Challenges for a physically disabled person from getting mental health help

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The following article brings into light the challenges faced by people with restricted movement. Access to better mental health and their mental well-being are critical to keeping them safe from depression and anxiety. Depression is estimated to affect more women with disabilities, with estimates ranging from 30% to 59%. According to Healthy People 2010, women with disabilities were more likely to show feelings of sadness, unhappiness, or depression, which discouraged them from being active, compared to women without disabilities. The case study elaborates on the same. Heather Kerstetter, 30, began having suicide ideation during a "really tough" period in her life. The thoughts began to scare her, and one day she looked at her dog and thought, she needs to get help. She went to the only psychiatric emergency room she knew in Austin, Texas, where she was living. She recalled, "The very first thing that they said to me was 'It was a good thing that you can't commit suicide anyway, right?'" She was diagnosed with spinal muscular atrophy type 3, uses a wheelchair and personal care assistant. Kerstetter said the doctors assumed that because of her physical disability she did not need emergency help for her mental health. She told the doctors, "Just because I'm disabled doesn't mean that these things are not very realistic for me. I would die if you send me home. I don't think you are hearing from me." She was sent back home after an hour as they do not have a caretaker at the psychiatric emergency room who could help Kerstetter. But they did not allow Kerstetter to bring her own personal care assistant. She credits her dog for getting through that night. "It was incredibly bad. I didn't eat. I didn't shower. It was a very dark and ugly time." A Universal problem that needs special attention Kerstetter isn't alone in this experience. she uses social media to advocate policy and began talking about her experience. That's when others started reaching out and told her their own similar stories. "It's incredibly troubling because if it was just me and it was just an isolated incident, I feel that it is something that can be acceptable," she said. "Hospitals are not even considering the needs of the disabled," Kerstetter added. Depression and suicidal ideation are more likely among people with disabilities due to factors like abuse, isolation, and stressors related to poverty. One study found that suicidality was seen as significantly more acceptable for people with disabilities. Live On, a disability-led web-based movement is trying to reach out to people with disabilities and tackle that misconception by showing that people with disabilities can lead happy, fulfilling lives. Using #LiveOn people connect on social media and share their stories. Lawyer and activist Dynah Haubert shared her story after being diagnosed with Friedreich's ataxia 14 years ago on the movement's YouTube page. "Even though 14 years ago I was really scared," she said. "Today, I love my life." She goes on to talk about being a lawyer, speaking at the 2016 Democratic National Convention, and being a cat mom. She said, "I hope that you realize that just because you may have an injury or been diagnosed with a disability, that is not the end of your life as you know it." "Please live on because we need you too," said Haubert.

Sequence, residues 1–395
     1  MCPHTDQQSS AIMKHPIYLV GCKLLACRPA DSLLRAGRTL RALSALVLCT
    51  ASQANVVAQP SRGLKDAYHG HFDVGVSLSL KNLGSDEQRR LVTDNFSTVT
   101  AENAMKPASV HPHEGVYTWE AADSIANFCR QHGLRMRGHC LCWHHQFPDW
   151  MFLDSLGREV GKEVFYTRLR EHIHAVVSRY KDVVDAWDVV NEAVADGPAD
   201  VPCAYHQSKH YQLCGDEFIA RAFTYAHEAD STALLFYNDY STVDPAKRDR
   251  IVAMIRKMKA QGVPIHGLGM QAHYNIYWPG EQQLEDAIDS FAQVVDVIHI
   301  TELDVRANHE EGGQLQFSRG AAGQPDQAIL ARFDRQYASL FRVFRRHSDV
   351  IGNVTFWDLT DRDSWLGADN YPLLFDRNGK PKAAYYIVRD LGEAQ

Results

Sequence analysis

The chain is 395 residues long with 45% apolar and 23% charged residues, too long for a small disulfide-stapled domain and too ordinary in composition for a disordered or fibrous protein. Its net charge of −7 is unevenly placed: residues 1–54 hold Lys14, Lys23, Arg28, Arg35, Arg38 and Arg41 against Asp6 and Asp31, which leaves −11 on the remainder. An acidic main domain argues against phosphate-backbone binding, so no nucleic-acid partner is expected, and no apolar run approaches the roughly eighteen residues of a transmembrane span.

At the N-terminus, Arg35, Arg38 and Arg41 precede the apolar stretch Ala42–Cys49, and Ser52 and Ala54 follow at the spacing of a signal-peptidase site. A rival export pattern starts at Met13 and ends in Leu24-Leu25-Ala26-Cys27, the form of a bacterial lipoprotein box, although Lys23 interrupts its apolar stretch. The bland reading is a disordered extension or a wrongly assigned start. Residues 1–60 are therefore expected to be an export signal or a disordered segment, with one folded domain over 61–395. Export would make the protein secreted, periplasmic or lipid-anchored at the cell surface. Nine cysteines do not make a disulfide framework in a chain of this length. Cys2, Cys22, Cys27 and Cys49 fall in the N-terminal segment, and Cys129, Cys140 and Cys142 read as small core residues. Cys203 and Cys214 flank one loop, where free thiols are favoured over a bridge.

Trouble getting through the doors Like Kerstetter, other people with disabilities often struggle to get mental help. Ian Watlington, senior disability advocacy specialist at National Disability Rights Network, has spoken about automatically screen people with disabilities for depression at certain points in their lives to make sure they get the treatment they need early on. Watlington said, "It is an outbreak. It is hard to explain to some of my non-disabled peers that once that isolation kicks in, it's really hard to climb out." Sometimes the accessibility starts even before getting inside the doctor's office. Watlington said transportation options are often limited and there can problems with older buildings having only stairs or doors aren't wide enough. He said the Americans with Disability Act, passed in 1990, has helped, but it's far from where it needs to be. "This is a quality of life issue. This is about people's most fundamental rights," said Watlington. Lisa lezzoni, MD, professor of medicine at Harvard Medical School, said many of the obstacles doctors might have served people with disabilities already have solutions - they just need to be available. For example, lezzoni said, for someone who has limited or no upper body mobility, pressing a nurse call button might not be an option. Instead, there are alternatives, like a sip and puff device that allows people to call nurses using their lips. "But that needs to be set up perfectly. A lot of places are just not familiar with doing that," she said. For Kerstetter, she would have been able to get the accessibility help through a tech had she been admitted to a hospital wing of the building. On the other side, in the psychiatric department, this was not an option. lezzoni said, "Psychiatric hospitals have plenty of nurses who give out meds, but those nurses are not equipped, trained and paid to do the job of what tech does." In the long term, Watlington hopes there is an incentive for doctors who study more on people with a disability or go into certain specialties. He thinks this will allow people with disabilities to have more options and help tackle some of the inexperienced doctors often have. Today, Kerstetter has gotten the help she needs and is about to graduate from Temple University, Pennsylvania, with her masters in social work. She hopes of sharing her story will get hospitals to really think about the people they serve. She said "It's not just about people who are able-bodied. It can happen to anybody at any time." Solution for Depression and Anxiety Take care of an animal: They are no substitution for human relations but they can bring joy and companionship into your life and help you feel less isolated. If you are unable to have a pet then animal companionship including volunteering at your local animal shelter. Develop new hobbies and activities that make your mood happy: A disability can make the activities you used to enjoy more difficult and even impossible. But staying engaged in activities will make a big difference to your mental well-being. It can be creative ways to exercise and you can consult your doctor for the same. Even a small physical activity can relieve stress and anxiety. Find ways to acknowledge family and friends: You often might be taking help from those who care about your well-being. An object to acknowledging their effort even with a self-made thanks card would make you happier and content. Don't compare yourself with others: Do not compare your exercise effort with others or to yourself in the past. The only way to monitor your progress is to compare yourself with today and yesterday. Eating Habits A nutritious diet can help you when you fighting with an injury or physical limitation. Eating a nutritious diet can keep you healthy and energetics. Eat plenty of proteins: Protein is essential for healing and proper function of the immune system. Focus on sources like dairy products, beans, nuts, seeds, and soy products. Drink ample amount of water: Water is necessary for the proper functioning of the body. Water flushes out waste products and toxins from our body. Minimize sugar and junk food: You may like sugar and junk food but these lead to a crash in mood and energy. Eating them once or twice may not lead to such effects. Adapt to fix a schedule for sleep: Sticking to 10 PM to 6 AM reduces stress and depression issues. This works not only for people with limited mobility but also for normal people doing the sitting job.